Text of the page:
This was a return for me. For many decades, I'd had family in Boulder. In fact, there is some park land there that was bequeathed to Boulder by family members in lieu of real estate taxes in their retirement years. And I'd lived there briefly in the 90s when Anna was teaching at the University of Colorado. Our last return had been when we came back from Los Angeles to record an interview with Stan Brakhage. While we were in town, I gave a talk at Naropa, thanks to Anne Waldman, on Amiri Baraka. This, too, marked another of our reunions with Lorenzo Thomas, who was first to pose a question after my talk, and it was a poser.
Now I was back, my first stop after returning from China. This time Waldman had asked me to speak about Lorenzo, who had been a great friend of the Summer Writing Program at Naropa. Anne had published Lorenzo's earliest collections, and as has been so often the case, was a great promoter of her fellow poets.
Because of my China travel, I couldn't go to Boulder till the last week of the 2017 program, but that meant that I was there with many long-time artist friends. The faculty in the third week included Julie Ezelle Patton, giovanni singleton, Bruce Andrews, Ronaldo Wilson, Janice Lowe, Khadijah Queen, Layli Long Soldier, all hosted by the incomparable Anne Waldman, who miraculously pulls all this together when she could be concentrating on her own work.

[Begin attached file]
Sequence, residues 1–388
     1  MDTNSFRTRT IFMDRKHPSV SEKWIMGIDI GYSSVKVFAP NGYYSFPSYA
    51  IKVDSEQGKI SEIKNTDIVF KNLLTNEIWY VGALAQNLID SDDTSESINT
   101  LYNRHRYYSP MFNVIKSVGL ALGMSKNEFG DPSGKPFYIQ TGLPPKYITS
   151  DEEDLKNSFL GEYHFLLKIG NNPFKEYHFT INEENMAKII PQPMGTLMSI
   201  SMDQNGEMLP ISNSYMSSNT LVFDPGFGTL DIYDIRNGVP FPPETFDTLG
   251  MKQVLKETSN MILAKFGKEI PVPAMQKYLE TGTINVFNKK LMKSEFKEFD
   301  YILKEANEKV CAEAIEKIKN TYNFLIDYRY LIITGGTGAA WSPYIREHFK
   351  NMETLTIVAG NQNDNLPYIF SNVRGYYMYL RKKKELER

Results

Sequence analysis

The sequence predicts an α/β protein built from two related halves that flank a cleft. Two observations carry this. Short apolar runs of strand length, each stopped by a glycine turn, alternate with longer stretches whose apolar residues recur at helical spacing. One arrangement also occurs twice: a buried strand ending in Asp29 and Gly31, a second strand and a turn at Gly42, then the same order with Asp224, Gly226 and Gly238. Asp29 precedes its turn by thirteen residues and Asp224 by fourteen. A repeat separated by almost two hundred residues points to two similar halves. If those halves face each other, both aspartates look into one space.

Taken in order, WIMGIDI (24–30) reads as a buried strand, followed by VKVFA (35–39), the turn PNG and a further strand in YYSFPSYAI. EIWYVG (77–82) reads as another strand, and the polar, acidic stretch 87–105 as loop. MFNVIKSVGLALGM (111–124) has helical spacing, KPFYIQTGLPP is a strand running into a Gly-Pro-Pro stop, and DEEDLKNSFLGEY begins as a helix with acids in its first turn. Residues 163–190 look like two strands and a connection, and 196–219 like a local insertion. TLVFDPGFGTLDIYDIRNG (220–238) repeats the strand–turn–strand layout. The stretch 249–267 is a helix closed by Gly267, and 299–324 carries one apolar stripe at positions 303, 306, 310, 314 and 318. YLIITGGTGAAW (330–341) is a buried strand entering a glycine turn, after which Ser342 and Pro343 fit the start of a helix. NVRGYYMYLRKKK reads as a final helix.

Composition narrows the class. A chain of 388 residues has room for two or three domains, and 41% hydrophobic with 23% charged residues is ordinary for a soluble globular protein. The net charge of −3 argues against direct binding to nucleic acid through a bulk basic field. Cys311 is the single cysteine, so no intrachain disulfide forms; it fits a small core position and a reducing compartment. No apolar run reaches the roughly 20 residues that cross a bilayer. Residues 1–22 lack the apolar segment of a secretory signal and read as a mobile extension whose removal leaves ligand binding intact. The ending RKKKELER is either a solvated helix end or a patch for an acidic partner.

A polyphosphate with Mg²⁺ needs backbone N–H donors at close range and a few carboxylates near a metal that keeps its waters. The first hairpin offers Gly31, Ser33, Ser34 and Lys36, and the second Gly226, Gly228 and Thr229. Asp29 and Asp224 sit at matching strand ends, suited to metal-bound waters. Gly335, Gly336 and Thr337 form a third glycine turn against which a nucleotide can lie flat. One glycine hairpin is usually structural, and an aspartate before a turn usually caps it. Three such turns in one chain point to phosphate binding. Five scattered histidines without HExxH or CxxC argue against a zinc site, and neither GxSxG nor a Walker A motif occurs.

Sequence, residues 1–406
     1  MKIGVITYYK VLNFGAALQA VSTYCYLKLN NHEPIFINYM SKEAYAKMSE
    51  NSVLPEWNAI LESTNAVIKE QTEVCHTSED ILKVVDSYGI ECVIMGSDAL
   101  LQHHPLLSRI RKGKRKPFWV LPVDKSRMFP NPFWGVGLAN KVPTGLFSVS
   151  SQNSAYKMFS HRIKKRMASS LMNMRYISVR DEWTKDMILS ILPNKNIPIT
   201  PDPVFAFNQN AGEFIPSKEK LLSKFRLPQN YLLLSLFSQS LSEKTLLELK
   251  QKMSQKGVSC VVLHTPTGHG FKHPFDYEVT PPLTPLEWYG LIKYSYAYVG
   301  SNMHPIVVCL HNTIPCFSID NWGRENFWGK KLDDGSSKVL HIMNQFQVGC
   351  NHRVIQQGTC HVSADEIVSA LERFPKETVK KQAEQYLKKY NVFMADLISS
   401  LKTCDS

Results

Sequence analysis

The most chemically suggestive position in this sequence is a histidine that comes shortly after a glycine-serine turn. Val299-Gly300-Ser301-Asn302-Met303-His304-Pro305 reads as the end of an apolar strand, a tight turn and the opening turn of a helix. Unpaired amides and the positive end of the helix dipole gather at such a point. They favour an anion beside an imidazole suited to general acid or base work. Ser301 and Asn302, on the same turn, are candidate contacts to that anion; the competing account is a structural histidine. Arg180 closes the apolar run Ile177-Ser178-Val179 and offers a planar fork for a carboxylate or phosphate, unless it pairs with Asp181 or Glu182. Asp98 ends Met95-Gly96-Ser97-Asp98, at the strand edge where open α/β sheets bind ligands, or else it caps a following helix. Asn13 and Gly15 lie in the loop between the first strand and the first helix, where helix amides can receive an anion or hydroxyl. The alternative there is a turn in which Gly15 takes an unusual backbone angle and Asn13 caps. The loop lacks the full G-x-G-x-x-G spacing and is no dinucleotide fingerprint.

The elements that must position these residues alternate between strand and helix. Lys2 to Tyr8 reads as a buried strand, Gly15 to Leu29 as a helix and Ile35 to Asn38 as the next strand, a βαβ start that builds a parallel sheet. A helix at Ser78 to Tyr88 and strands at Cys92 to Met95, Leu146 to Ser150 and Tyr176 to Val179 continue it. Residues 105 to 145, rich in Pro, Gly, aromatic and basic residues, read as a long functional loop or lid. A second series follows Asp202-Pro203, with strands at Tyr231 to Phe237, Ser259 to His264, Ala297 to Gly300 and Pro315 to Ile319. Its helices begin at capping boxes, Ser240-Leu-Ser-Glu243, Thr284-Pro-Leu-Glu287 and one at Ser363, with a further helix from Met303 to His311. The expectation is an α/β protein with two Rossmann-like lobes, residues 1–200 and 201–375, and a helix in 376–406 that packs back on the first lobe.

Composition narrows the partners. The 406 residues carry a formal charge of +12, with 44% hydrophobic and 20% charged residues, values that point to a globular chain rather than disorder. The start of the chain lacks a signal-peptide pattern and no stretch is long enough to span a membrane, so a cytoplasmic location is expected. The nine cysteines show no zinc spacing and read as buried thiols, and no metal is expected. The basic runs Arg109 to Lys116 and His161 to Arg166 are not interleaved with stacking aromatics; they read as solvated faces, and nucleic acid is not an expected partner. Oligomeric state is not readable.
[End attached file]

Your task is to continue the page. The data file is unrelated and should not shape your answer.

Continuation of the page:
There seemed to be a potato chip sub theme in 2017. At the first event I attended, Julie Patton was "playing" potato chips into the mic as part of her improvisation accompanying Anne. Later, Anne was fortifying herself with chips as we chatted in the lobby. Everywhere I looked, there were chips in evidence. Seemed everybody had the munchies. Altitude, you think?
I was only on the ground two days, but between the faculty and students there was enough poetry to power a generation.
And this may be the Jack Kerouac School of Disembodied Poetics, but Anne Waldman is the very embodiment of the place.